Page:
For Starkville Daily News
A veteran newspaper journalist was elected president of the Mississippi Press Association and Mississippi Press Services, Inc., during the association's annual convention July 6 in Miramar Beach, Fla.
James E. "Jim" Prince III will serve a one-year term as president of the state newspaper association and its subsidiary advertising services division. Prince was first elected to the MPA-MPS Board of Directors in 2004.
He is president of Prince Newspaper Holdings Inc., which publishes The Neshoba Democrat in Philadelphia, The Madison County Journal in suburban Jackson and The Kemper County Messenger in DeKalb.
The company also publishes Madison Magazine and Neshoba Magazine.
A Philadelphia native and fifth-generation Mississippian, Prince began his newspaper career while in high school, working summers at The Neshoba Democrat until he graduated from college. He was two-term editor of The Reflector at Mississippi State University.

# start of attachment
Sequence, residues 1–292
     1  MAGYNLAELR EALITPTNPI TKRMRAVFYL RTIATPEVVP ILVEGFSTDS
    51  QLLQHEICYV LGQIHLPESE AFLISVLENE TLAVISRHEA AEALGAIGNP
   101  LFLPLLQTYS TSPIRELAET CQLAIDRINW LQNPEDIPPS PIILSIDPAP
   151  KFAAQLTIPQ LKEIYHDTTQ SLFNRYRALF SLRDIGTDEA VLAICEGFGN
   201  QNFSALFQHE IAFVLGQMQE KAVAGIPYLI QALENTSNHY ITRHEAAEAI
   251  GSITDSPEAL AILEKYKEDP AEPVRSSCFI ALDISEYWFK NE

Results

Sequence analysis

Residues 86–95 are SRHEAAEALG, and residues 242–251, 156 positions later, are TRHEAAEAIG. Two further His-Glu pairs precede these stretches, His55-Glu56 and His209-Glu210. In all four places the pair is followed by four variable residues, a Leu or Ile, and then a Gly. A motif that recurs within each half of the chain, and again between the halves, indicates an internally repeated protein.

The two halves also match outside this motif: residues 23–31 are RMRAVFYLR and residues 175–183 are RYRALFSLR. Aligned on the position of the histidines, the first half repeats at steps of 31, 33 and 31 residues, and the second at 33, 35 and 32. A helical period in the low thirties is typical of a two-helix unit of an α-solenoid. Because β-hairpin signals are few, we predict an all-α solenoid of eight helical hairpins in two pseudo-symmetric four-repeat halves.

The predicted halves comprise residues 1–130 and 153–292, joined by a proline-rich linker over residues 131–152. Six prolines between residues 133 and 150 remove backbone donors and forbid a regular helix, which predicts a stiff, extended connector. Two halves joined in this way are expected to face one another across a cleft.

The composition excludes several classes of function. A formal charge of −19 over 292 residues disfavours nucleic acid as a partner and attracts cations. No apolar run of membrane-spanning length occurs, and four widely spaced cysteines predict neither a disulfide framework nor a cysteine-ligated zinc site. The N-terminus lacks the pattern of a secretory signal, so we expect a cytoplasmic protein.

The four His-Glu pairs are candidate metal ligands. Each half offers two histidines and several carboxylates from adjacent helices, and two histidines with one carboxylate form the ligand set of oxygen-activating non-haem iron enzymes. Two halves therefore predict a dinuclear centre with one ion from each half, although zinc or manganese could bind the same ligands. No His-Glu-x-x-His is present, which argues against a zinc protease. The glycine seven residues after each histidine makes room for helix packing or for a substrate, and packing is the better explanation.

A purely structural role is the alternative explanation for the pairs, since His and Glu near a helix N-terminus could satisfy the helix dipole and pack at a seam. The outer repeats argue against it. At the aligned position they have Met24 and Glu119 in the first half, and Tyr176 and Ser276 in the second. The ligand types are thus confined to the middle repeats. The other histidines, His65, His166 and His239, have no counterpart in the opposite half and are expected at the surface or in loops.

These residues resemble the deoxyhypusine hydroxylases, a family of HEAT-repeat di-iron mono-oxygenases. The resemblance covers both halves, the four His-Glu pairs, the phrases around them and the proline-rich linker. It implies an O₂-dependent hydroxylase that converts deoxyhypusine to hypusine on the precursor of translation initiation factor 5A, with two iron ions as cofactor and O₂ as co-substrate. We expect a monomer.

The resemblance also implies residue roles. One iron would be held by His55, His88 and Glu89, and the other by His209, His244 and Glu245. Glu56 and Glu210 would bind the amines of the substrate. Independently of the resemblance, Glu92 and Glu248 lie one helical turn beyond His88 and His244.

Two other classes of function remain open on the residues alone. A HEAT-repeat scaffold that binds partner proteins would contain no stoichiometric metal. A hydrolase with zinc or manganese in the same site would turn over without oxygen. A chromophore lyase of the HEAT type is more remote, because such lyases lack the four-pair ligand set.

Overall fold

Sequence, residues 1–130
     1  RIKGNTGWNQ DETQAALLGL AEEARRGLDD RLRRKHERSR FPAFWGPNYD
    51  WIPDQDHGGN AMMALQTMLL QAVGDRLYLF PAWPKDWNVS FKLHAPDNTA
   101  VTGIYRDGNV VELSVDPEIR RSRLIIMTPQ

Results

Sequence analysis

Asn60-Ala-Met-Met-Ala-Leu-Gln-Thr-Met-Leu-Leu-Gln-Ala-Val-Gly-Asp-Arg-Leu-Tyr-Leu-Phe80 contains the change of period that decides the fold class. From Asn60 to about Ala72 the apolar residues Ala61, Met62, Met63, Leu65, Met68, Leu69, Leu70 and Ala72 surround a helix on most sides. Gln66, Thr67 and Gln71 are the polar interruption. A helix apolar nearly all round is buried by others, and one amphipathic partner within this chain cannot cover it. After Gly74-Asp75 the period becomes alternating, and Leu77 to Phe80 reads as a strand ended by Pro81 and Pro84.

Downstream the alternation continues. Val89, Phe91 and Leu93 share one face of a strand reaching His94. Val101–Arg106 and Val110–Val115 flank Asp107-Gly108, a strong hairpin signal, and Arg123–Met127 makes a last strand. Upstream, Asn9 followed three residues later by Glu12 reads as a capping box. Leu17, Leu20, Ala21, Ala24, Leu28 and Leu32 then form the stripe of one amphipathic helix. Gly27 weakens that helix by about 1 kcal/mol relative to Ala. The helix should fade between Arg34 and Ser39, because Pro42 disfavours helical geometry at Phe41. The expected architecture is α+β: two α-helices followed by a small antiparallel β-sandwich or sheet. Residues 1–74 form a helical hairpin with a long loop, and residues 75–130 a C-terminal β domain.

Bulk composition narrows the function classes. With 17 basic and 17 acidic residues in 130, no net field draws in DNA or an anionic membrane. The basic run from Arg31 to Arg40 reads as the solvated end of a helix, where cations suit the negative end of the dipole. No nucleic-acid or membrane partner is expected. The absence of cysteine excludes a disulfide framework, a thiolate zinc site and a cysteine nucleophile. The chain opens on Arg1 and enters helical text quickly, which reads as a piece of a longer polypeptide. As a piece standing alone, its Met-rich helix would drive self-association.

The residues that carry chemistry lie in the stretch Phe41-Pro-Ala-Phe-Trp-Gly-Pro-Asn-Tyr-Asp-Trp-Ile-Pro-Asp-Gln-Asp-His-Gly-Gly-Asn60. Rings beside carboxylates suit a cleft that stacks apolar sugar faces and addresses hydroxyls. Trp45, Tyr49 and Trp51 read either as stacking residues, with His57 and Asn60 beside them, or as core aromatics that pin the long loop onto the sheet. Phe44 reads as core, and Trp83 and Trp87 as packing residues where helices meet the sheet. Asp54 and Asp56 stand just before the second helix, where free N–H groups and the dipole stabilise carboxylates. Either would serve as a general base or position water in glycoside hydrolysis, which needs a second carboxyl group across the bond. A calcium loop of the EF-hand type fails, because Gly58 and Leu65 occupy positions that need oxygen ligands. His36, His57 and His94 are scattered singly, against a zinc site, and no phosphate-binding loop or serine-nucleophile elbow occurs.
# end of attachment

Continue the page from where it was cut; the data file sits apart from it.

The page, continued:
He holds a master’s degree in journalism from the University of Mississippi and an undergraduate degree in business administration from Mississippi State University.
Prince succeeds Vicksburg Post general manager Jimmy Clark who becomes chairman of the MPA Education Foundation.
In remarks after accepting the president's gavel, Prince called on editors and publishers in attendance to stay true to the mission of community newspapers and continue to provide what no other media can.
"Look back to the founding of your newspapers and the principles on which they were established," he said. "Assess the present and, if necessary, renew those principles and build on them. Innovate, adapt and embrace the digital future, but do not forsake print as your core product and brand any time soon.
"Hold elected officials accountable," he said. "Report the truth fairly and accurately. Have a voice."
He encouraged farm team development by hiring young interns who could make a career choice, said the association must promote sales expertise and marketing and that members must work to continue building relationships with each other.
"Good newspapers will prevail, particularly in communities where citizens value liberty highly and possess that sense of place Miss Eudora (Welty) and Willie (Morris) wrote about," he said.